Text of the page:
24 May 2023
Sparking imaginations at our Festival of Engineering
It has been great to welcome more than 300 local primary school children to our Rosyth facility over the last two days to get involved in exciting science, technology, engineering and maths (STEM) activities as part of our annual Festival of Engineering.
Pupils, aged between 10 – 12 years old, attended from five different schools and explored the hi-tech world of engineering, robotics and virtual reality when they made their way around five zones of engineering innovations, which we organised in partnership with the Royal Navy and further education and industry representatives, including Fife College, Thales, Scottish Power and The National Robotarium.
From chocolate welding to sustainable boatbuilding using recycled materials, there was something on offer to stimulate and excite all the young imaginations.
Organised by a group of our fourth-year graduates, the innovative event aims to encourage young people into a career in engineering. Our graduates regularly host virtual and in-person STEM events for both primary and secondary pupils, providing advice on apprenticeships, career paths into the workplace and site tours of our Rosyth facility.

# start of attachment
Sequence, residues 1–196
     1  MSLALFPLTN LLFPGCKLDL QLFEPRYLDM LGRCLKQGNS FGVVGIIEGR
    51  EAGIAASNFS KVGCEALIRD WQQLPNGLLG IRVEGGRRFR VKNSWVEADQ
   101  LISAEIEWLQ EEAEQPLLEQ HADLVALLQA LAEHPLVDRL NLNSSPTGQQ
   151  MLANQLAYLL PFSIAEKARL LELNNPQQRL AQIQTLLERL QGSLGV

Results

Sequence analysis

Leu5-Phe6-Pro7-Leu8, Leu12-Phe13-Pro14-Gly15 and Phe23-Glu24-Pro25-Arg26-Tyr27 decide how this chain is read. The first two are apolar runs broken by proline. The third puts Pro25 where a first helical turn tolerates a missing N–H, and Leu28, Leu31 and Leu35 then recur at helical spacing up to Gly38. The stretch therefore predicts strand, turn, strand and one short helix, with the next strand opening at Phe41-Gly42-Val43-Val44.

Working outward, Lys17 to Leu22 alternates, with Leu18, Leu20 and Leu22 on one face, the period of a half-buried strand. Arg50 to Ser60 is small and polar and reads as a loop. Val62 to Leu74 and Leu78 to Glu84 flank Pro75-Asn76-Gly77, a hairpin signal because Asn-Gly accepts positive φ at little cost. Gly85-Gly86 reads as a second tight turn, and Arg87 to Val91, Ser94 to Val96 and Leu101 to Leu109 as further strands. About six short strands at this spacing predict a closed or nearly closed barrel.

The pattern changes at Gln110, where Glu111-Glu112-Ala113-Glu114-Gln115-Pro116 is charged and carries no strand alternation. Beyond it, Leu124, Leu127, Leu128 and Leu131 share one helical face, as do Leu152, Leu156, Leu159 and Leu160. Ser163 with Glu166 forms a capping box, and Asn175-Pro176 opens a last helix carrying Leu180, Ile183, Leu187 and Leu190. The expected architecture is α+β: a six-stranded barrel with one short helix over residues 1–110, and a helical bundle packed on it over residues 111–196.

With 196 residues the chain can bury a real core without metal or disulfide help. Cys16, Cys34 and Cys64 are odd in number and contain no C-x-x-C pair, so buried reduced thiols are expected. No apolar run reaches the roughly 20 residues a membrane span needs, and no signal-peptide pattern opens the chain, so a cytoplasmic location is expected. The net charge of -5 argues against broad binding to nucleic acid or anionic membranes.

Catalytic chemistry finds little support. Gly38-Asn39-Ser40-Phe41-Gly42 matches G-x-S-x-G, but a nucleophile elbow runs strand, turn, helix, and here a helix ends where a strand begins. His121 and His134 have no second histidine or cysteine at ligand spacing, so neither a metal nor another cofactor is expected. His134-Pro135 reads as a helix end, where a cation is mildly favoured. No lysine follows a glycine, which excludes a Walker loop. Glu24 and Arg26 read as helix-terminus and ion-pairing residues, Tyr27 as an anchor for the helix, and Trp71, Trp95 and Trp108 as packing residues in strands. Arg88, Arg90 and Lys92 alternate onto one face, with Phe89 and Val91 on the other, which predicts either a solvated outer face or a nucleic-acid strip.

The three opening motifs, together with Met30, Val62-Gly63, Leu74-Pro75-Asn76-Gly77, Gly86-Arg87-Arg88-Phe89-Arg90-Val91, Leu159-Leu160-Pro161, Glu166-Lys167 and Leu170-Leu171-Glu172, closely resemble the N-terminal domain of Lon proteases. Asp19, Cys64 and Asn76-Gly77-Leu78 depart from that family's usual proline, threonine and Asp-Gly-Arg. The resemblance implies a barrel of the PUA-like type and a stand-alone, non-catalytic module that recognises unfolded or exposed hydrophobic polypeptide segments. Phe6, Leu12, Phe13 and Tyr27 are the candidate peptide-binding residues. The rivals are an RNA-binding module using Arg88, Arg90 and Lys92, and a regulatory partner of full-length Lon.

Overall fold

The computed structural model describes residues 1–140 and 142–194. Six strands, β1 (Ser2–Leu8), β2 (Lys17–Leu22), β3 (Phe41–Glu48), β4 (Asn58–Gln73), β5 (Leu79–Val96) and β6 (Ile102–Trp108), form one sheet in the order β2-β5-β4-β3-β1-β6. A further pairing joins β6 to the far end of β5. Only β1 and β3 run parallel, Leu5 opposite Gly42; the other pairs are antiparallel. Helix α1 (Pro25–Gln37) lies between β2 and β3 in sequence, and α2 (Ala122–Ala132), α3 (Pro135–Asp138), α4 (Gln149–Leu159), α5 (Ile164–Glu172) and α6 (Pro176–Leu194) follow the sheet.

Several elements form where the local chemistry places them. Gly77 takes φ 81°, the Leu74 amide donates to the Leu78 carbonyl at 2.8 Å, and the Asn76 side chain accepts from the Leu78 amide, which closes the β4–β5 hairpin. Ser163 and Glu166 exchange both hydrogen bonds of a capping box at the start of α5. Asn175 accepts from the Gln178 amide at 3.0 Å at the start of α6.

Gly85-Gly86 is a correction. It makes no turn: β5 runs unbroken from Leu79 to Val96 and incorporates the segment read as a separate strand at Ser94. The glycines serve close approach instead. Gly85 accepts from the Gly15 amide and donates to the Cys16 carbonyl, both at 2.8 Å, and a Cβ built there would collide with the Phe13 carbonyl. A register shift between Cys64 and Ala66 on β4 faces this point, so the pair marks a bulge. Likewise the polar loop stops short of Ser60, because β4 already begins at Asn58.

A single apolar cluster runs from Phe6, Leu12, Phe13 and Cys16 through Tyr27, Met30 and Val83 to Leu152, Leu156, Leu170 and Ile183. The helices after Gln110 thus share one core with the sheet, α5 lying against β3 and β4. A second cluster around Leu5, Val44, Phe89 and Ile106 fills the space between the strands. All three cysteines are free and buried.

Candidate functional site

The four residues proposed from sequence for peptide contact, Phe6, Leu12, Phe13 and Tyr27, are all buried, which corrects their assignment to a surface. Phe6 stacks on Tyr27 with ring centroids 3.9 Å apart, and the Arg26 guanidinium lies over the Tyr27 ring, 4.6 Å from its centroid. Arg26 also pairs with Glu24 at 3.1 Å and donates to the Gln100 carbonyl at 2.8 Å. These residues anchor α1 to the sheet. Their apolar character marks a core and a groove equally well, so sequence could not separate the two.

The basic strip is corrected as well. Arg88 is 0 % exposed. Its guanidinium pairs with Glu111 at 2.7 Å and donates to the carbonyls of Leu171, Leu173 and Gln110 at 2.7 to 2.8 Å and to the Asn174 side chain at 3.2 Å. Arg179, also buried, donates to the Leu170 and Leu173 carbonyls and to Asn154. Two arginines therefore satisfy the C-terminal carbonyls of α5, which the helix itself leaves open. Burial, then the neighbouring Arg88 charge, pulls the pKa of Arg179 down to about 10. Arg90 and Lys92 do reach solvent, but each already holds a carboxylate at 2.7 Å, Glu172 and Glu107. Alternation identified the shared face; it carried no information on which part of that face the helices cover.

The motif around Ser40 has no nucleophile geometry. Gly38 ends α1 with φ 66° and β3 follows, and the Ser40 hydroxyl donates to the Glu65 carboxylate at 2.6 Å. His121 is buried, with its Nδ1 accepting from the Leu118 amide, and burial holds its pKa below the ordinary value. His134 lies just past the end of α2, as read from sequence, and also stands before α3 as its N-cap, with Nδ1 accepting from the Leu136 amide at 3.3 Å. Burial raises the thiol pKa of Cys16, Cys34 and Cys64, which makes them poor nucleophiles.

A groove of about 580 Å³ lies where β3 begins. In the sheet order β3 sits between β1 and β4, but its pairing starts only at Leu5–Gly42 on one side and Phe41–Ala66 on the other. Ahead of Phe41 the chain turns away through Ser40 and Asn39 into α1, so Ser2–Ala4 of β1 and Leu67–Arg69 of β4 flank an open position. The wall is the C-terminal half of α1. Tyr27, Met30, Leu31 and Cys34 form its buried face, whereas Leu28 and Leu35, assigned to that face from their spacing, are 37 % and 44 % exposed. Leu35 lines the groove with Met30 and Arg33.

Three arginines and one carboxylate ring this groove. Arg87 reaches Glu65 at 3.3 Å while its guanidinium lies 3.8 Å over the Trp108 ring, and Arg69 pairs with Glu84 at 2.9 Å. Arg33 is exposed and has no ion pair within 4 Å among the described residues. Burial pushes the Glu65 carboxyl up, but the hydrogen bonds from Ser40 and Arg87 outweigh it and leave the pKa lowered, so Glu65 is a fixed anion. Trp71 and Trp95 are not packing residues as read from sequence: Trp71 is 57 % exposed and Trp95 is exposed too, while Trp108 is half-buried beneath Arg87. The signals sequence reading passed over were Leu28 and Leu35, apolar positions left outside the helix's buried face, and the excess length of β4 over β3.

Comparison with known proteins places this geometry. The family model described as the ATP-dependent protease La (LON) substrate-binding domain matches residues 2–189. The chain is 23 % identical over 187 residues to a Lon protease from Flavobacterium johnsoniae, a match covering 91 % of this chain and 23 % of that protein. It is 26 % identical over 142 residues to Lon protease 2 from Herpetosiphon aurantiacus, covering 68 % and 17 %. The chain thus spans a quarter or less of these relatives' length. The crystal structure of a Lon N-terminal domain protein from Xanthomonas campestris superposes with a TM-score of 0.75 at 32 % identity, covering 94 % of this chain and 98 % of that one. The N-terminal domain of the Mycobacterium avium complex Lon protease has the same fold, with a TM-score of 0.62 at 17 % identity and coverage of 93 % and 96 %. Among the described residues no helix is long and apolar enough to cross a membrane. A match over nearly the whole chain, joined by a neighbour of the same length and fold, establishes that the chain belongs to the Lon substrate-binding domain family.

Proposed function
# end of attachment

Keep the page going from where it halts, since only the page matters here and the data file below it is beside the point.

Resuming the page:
Beth, a Babcock project management graduate who helped to organise the event, said: “The Festival of Engineering was busy with activity as we welcomed hundreds of local school children to join us on a voyage of discovery. The feedback from the pupils and teachers who attended was fantastic, and we can’t wait to grow this exciting event in the years to come.”
School pupils who attended the event were invited to draw a picture imagining the RRS Sir David Attenborough on one of its fantastic missions. The budding artists behind the three best drawings will get the chance to tour the UK’s newest polar research ship when it stops at Rosyth for maintenance.
Sean Donaldson, Babcock’s Managing Director at Rosyth, added: “Supporting our local community is an important aspect of our business and the Festival of Engineering is a great example of this. The level of interest from the next generation of potential scientists and engineers was truly inspiring.”